November 1, 2011

Trees and Exoplanets

Over the last weekend, I witnessed something I've never seen before: October snow in the East Coast! Never have I seen snow this early, and what I observed was quite intriguing.

As I was driving home, I saw branches breaking and falling dangerously on the streets. Apparently, the snow were piling up on the leaves, and as they became too heavy, the branches simply snapped.

It's only then that I realized why trees evolved the capability (or adapted) to shed leaves before winter comes, to avoid losing limbs or getting uprooted. Naturally, those who fail to adapt will perish. And what I’ve witnessed is only one among many mechanisms that the tree employs to prevent damage and survive during harsh winter weather. Shedding leaves also prevents the tree from losing moisture during winter--which tends to be drier than anyone would think. Of course in the context of this post, I am only referring to Deciduous trees.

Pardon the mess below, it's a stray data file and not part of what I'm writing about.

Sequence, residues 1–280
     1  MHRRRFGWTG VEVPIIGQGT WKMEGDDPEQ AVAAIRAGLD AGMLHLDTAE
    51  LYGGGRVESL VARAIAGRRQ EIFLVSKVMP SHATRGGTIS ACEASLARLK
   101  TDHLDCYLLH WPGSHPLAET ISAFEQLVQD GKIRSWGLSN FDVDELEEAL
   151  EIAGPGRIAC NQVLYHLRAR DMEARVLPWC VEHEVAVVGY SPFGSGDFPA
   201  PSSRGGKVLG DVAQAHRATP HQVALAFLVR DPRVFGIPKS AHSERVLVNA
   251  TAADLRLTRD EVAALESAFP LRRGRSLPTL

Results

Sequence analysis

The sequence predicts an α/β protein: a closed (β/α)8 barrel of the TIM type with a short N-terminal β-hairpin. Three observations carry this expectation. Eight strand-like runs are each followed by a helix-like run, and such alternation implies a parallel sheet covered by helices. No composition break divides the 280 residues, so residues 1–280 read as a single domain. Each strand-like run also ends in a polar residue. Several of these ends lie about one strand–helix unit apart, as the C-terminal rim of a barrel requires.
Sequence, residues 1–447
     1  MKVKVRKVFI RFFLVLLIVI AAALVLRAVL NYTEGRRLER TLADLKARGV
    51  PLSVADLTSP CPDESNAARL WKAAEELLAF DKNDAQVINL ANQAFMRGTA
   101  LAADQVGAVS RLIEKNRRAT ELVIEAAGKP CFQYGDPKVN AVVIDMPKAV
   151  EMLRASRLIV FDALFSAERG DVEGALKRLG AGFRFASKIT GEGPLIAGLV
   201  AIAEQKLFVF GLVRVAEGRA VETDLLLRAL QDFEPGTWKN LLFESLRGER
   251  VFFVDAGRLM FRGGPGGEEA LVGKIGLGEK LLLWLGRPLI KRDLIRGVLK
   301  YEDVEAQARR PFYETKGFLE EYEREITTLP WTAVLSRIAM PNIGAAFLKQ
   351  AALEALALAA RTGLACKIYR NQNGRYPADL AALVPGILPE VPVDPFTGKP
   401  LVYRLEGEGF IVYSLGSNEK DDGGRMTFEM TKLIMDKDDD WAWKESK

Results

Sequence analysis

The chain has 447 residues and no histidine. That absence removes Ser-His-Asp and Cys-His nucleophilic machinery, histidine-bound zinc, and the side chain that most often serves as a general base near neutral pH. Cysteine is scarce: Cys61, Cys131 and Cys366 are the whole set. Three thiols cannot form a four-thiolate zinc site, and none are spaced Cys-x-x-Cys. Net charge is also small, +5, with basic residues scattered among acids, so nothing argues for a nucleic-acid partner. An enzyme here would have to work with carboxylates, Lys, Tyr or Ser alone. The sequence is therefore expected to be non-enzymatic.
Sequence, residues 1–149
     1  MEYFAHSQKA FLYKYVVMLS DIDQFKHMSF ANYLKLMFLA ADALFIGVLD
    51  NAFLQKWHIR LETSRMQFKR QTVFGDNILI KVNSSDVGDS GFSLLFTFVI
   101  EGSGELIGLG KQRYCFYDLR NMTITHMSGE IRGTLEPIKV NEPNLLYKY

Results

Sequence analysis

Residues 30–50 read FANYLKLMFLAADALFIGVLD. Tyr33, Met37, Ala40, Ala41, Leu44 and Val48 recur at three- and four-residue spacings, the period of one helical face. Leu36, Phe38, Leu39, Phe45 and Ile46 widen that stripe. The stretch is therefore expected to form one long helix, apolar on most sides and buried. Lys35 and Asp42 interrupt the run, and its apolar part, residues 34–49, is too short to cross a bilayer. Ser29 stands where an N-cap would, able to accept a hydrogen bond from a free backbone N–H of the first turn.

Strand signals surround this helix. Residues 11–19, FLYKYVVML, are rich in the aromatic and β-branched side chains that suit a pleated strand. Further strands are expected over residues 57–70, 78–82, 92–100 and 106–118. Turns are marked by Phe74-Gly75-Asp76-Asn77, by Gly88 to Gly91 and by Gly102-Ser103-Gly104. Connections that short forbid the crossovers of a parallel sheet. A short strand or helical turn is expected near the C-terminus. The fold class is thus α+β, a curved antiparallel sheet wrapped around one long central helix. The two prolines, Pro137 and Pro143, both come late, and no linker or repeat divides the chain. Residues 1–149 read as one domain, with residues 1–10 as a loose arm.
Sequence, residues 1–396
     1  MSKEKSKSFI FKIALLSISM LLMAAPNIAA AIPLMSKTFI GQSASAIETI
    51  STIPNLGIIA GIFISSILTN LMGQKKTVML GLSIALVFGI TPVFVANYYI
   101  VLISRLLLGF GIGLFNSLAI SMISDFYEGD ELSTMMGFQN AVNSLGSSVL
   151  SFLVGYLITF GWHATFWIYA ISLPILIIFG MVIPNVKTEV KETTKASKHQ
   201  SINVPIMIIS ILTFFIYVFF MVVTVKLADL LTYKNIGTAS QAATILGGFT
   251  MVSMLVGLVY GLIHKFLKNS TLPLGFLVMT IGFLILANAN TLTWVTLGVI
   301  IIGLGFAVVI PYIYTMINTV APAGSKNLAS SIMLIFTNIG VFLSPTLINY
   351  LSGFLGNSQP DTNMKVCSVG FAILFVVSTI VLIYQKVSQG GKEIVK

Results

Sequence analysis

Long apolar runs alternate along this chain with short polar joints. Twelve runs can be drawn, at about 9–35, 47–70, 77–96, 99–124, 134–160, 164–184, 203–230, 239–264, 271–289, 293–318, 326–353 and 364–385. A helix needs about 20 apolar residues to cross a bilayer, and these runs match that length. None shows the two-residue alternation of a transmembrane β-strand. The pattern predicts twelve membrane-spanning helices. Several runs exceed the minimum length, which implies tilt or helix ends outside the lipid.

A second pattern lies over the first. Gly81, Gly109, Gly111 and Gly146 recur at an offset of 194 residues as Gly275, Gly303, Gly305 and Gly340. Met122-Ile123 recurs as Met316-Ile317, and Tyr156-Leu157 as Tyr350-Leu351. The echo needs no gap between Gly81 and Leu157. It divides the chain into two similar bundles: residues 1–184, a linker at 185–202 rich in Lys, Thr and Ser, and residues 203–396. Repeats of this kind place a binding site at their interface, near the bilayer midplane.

Deciduous trees have developed specific adaptations to the seasons. We all know that seasons are linked to the tilt of the earth's axis from the orbital plane, and the eccentricity (or elliptical) orbit of the planet, among other things. This makes me wonder about the kind of adaptations that trees on other planets would have, depending on the characteristics of their home planet--which would have its own unique seasons.

There isn’t much information linking trees and exoplanets (as we haven’t detected any exotrees yet!). But some say that it’s possible to detect trees on other planets. And I heard that that there could exist trees with wild foliage on weird worlds with different light conditions. For example, a planet orbiting the habitable zone of a red dwarf would harbor trees with black foliage to capture as much energy as possible from the feeble light of their sun.

We can only imagine the amazing variety of trees that could exist on other worlds, which is a reflection of the diversity of exoplanets with different properties and characteristics.

See also: Plants and Exoplanets

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